Standardization of resilience & survivability, and autonomic fault-management, in evolving and future networks
An ongoing initiative recently launched in ETSI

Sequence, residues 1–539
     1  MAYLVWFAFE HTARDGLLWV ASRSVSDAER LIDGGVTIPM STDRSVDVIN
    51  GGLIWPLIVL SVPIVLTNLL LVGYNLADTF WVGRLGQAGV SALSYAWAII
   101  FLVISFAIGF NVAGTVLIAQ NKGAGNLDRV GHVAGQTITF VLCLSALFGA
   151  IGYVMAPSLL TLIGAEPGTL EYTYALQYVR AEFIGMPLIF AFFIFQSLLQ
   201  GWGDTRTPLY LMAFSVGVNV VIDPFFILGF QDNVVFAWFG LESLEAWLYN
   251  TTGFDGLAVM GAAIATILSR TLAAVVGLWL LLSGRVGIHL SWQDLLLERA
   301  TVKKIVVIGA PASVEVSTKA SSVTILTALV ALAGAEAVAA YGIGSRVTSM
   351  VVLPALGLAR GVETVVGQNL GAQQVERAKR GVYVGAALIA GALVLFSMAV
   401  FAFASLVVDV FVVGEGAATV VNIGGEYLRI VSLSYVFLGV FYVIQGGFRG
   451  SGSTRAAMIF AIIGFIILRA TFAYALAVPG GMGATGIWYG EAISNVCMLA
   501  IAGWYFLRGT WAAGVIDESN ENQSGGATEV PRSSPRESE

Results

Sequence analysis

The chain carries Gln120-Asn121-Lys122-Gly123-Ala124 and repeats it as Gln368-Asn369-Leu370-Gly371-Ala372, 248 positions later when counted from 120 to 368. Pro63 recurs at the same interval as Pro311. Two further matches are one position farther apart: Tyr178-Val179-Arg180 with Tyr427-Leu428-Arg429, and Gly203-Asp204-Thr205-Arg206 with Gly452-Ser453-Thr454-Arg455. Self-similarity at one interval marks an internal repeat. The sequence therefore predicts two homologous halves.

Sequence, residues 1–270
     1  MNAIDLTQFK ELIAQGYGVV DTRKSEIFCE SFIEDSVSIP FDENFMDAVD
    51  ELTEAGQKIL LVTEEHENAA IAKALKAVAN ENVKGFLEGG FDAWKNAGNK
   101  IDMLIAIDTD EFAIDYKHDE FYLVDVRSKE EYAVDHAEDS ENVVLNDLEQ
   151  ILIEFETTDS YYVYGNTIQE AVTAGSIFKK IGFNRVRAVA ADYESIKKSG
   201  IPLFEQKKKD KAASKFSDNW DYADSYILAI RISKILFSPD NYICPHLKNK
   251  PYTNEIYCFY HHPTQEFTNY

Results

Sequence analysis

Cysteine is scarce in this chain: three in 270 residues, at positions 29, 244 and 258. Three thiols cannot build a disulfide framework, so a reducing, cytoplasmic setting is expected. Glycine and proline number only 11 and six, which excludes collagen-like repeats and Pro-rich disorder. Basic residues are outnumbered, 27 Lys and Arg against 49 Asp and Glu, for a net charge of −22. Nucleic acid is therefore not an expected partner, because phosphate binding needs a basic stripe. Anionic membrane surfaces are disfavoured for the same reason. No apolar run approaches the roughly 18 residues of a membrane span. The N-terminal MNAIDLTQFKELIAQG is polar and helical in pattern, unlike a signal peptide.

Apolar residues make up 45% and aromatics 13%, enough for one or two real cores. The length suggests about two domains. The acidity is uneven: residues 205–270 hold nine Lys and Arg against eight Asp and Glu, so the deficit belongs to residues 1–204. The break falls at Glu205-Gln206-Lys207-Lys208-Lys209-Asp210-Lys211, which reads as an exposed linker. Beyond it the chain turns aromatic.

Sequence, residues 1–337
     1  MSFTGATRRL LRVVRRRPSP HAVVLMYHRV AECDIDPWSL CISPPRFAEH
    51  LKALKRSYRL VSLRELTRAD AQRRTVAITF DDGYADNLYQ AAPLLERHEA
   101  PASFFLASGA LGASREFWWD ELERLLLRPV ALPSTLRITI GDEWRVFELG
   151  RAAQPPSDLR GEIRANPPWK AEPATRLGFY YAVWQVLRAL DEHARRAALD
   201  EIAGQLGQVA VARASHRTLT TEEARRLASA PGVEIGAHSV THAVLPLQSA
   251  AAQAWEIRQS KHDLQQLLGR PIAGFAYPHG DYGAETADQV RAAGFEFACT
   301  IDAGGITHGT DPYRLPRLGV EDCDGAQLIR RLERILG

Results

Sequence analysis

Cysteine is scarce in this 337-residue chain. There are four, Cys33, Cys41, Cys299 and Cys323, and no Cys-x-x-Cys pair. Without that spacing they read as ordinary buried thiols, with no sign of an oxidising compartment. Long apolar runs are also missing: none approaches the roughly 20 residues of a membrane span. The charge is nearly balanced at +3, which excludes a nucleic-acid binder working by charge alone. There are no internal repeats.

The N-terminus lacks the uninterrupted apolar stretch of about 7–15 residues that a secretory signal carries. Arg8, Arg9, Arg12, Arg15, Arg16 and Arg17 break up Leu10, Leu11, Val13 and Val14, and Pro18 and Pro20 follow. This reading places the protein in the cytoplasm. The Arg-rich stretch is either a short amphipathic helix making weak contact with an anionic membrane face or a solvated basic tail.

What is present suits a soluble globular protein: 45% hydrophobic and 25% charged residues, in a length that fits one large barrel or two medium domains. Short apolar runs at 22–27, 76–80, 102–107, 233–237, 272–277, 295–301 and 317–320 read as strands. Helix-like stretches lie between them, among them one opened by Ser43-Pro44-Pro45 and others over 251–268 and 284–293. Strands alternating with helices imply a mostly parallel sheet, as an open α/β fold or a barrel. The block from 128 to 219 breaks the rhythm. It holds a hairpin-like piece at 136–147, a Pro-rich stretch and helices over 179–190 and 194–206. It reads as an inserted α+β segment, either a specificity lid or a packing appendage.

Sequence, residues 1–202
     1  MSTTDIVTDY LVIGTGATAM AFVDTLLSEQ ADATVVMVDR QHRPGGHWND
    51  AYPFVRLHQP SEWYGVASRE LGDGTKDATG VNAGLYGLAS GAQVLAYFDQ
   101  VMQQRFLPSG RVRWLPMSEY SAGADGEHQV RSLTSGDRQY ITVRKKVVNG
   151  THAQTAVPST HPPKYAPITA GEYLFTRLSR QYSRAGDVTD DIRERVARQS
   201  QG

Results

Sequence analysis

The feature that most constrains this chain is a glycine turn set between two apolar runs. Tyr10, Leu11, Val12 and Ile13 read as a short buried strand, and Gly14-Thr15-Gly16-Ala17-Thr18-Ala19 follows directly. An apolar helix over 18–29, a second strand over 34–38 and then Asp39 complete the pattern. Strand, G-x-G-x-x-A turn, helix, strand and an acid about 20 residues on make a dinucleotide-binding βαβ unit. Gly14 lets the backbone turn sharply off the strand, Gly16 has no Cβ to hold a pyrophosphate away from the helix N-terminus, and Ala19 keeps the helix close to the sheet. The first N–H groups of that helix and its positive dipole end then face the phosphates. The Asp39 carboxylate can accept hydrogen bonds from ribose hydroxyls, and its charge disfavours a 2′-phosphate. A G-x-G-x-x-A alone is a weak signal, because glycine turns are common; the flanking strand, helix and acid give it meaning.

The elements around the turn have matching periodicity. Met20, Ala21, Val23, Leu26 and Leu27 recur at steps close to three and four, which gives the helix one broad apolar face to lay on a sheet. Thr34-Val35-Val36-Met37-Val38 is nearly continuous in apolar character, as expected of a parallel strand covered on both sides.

Resilience and Survivability in networks is an area which is growing fast, mainly due to the fact that these vital desired properties for a network, protocol, application, or service behaviour, are now receiving a lot of attention from industry, research, academia, and standardization groups-thanks to the emergence of autonomic & cognitive management and control paradigms for the evolving networks in recent years. In characterizing the resilience properties of a system or individual functional entities of a system, the area of autonomics is extending the traditional scope and meaning of resilience in networks, by including self-diagnosing and self-repairing/self-healing behaviours, as well as proactive resilience to various types of challenges i.e. adverse conditions of operation and incidents (including fault-activations and security attacks and threats). This goes beyond the protection and restoration techniques for survivable networks found in protocols such as SDH, ATM, and IP-Fast-Re-route. What is becoming crucial for the global community is the establishment of standardized frameworks that can be applied for implementing interoperable systems that exhibit resilience properties in their own capacity and collaboratively as networked systems. This paper reports on a recently launched initiative in ETSI (European Telecommunications Standards Institute) that is aimed at standardizing resilience, survivability, autonomic fault-management and autonomic security management. We outline the types of concepts and architectural principles that are standardizable from resilience, survivability, and autonomic fault and security management point of view. We present and discuss a candidate evolvable architectural framework for standardization that unifies resilience, survivability and autonomic fault-management within a single holistic framework. It unifies the aspects by defining the responsible Functional Blocks (FBs) and their interworking in the realization of resi- ience, survivability, autonomic fault-management and autonomic security management in systems and networks. We show how research results in these areas can now be contributed to developing and relying on a commonly-shared (i.e. common baseline) unified standardized framework, by adopting, enhancing and evolving the framework presented in this paper as standardization activity (open to all technical experts/researchers to now join).